Tasha McAbee (@tasha_mcabee) is an MPH student at Boston University School of Public Health.
For over 50 years, Medicare has provided affordable health insurance to hundreds of millions of people. At present, almost 62 million individuals depend on the public program to help cover the costs of medical services including hospitalizations, physician visits, prescription drugs, preventive services, and nursing facility or home health care.
But it doesn’t cover everything. Most Medicare beneficiaries rely on additional supplemental insurance beyond traditional Medicare. This additional insurance commonly consists of employer retiree benefits, privately purchased Medigap policies, or Medicaid for people with low income.
This is where Medicare Advantage comes in. Today, over 24 million Medicare recipients needing fuller coverage then what Medicare has to offer, instead enroll in more robust private plans obtained through Medicare Advantage. These managed care programs offer an expanded list of benefits at a fixed cost compared to Medicare, for which needed services may not be covered at all or come at a high price.
Enrollment in Medicare Advantage has rapidly grown since its implementation, from 18% of Medicare beneficiaries enrolled in 1999 to 39% in 2020. This growth, however, has not always been healthy.
Being a private market, Medicare Advantage plans behave differently than traditional Medicare. Any program, private or public, must maintain profit to stay afloat, but a number of Medicare Advantage plans were initially riddled with aggressive marketing tactics and lacked government oversight to protect consumers. Some companies hired revenue maximization experts, who went beyond ensuring earnings, and encouraged private insurers to engage in questionable marketing tactics that weren’t always in the best interest of the consumer. In the early days, a large number of beneficiaries were enrolled without a full understanding of the program or its disadvantages, and consumer satisfaction was low.
Government regulation eventually caught up, establishing means to curtail any predatory practices in Medicare Advantage marketing when the Medicare Improvements for Patients and Providers Act was passed in 2008. The legislation strengthened government oversight over Medicare Advantage sales activities and consumer satisfaction has since improved, reaching a record 94% satisfaction in 2019.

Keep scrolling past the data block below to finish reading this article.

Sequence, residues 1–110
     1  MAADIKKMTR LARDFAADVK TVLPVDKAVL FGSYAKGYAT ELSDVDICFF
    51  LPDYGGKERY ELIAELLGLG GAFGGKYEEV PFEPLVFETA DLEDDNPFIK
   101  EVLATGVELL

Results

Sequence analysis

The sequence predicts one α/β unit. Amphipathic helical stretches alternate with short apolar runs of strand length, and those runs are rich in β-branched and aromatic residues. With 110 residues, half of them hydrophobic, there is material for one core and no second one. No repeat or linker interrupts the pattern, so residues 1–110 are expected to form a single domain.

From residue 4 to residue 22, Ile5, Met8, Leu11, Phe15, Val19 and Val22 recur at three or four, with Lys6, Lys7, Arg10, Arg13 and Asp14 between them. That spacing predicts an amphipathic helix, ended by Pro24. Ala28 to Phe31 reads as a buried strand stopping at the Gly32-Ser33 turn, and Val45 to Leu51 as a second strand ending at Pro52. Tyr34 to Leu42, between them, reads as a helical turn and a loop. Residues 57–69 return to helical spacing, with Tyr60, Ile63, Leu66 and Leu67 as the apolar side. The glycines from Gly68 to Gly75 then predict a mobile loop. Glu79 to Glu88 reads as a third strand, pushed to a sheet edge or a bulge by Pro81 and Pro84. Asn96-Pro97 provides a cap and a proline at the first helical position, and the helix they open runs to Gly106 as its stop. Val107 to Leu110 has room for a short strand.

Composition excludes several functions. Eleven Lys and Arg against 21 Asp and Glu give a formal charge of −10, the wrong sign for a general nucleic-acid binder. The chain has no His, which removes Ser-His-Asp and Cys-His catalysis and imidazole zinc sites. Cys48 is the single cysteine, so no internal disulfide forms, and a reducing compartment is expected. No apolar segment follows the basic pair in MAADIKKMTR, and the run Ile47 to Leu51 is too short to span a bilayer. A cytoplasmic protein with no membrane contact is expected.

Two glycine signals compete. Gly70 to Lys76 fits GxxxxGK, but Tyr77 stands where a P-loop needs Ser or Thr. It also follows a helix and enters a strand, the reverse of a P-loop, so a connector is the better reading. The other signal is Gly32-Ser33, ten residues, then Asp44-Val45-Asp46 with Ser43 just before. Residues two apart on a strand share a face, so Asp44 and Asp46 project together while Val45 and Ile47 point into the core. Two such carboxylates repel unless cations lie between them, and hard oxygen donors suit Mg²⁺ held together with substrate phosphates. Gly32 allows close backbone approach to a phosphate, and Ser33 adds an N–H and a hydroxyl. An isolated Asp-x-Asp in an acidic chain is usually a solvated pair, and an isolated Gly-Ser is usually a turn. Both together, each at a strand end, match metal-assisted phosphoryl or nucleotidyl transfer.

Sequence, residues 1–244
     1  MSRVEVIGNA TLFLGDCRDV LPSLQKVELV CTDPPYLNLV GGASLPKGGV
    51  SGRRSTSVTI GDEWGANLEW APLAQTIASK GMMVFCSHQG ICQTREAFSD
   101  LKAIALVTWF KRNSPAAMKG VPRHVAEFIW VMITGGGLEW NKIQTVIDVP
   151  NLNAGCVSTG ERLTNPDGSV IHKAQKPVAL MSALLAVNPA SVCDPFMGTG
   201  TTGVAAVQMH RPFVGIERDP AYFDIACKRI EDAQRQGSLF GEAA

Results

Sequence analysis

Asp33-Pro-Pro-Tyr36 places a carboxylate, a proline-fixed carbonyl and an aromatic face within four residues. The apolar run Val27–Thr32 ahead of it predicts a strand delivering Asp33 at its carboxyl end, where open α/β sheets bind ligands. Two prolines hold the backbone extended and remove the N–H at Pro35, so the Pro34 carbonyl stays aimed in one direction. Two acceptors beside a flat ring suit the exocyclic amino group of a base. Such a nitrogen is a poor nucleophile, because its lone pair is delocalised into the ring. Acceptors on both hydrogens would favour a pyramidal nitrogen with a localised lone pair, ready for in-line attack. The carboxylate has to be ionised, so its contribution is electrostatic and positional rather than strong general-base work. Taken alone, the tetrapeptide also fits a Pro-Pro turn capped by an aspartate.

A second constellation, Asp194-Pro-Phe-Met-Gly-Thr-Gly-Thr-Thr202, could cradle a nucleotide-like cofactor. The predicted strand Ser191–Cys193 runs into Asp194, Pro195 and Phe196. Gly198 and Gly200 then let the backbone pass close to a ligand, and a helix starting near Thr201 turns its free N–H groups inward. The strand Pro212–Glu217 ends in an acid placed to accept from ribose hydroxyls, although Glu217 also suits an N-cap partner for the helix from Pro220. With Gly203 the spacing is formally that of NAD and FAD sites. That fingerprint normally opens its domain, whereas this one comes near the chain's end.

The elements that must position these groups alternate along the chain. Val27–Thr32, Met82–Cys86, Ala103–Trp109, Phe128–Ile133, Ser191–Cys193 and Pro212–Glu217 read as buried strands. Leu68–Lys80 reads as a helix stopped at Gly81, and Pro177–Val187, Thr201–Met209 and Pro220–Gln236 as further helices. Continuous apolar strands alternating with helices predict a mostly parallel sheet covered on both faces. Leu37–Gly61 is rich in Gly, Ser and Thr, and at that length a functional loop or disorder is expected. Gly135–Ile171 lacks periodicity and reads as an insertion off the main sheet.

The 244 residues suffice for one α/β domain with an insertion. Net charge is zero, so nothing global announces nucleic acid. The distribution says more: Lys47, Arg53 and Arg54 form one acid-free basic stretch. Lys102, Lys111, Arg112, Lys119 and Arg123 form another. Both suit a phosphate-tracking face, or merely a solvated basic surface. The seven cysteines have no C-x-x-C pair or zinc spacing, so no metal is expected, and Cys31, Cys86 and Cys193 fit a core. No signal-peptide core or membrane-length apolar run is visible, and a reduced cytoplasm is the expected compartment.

Bipartisan support for the program continues to foster steady growth no matter the political party of the sitting president, but how much growth and whom that growth most benefits — consumer or insurer — depends on which policy levers that administration pulls.
Most recently, the Trump administration contributed to continued growth that potentially benefits both consumers and insurers. The Center for Medicare & Medicaid Services (CMS) expanded the list of benefits covered by Medicare Advantage plans and made some telehealth services more available. However, Trump also took drastic steps to deregulate and further privatize the Medicare Advantage market. Perhaps most bluntly exemplified by 125 pages of rules for Medicare Advantage marketing and regulation being cut down to just 80 pages, weakening government oversight.
Further, the Trump administration failed to gain regulatory control over Medicare Advantage companies and their ability to alter risk adjustment scores, which determine the amount of money the federal government pays to subsidize the plans. The more control Medicare Advantage companies have over risk adjustment scores, the greater their potential ability to exaggerate the severity of a patient’s illness in order to maximize the amount of money they receive from the federal government. Inadequate auditing over risk adjustment not only allows for exploitation, but is a system that experts warn is “fatally flawed”, and has already resulted in several whistleblower lawsuits alleging risk adjustment fraud. When a Medicare Advantage plan over-withdraws funds from the federal government, it is more money drained from taxpayers and away from traditional Medicare needs.
Where to go from here…
The Biden administration is now left with the responsibility to manage continued growth while reining in the regulatory loosening that occurred under the prior administration. This administration should prioritize regaining regulatory control over risk adjustment practices and refocus policy decisions towards value-based care and consumer protection rather than policies that favor the facilitation of sales.
For example, although it may sound entirely beneficial to consumers that Trump expanded the list of benefits covered by Medicare Advantage plans, it can also be interpreted as a move to simply increase profit, especially if the value of these newly permissible services to the consumer cannot be demonstrated. The Biden administration will need to balance the complexities of private plans so that they best serve the public.
Medicare Advantage stands today as a more effective and stable program than when it was born. It is a powerful means for Medicare patients to get more value out of their spending and to maximize benefits. Moving forward, the government’s regulatory relationship with the program will need to ensure that as more people enroll, it doesn’t result in more consumers, or the government itself, being taken advantage of.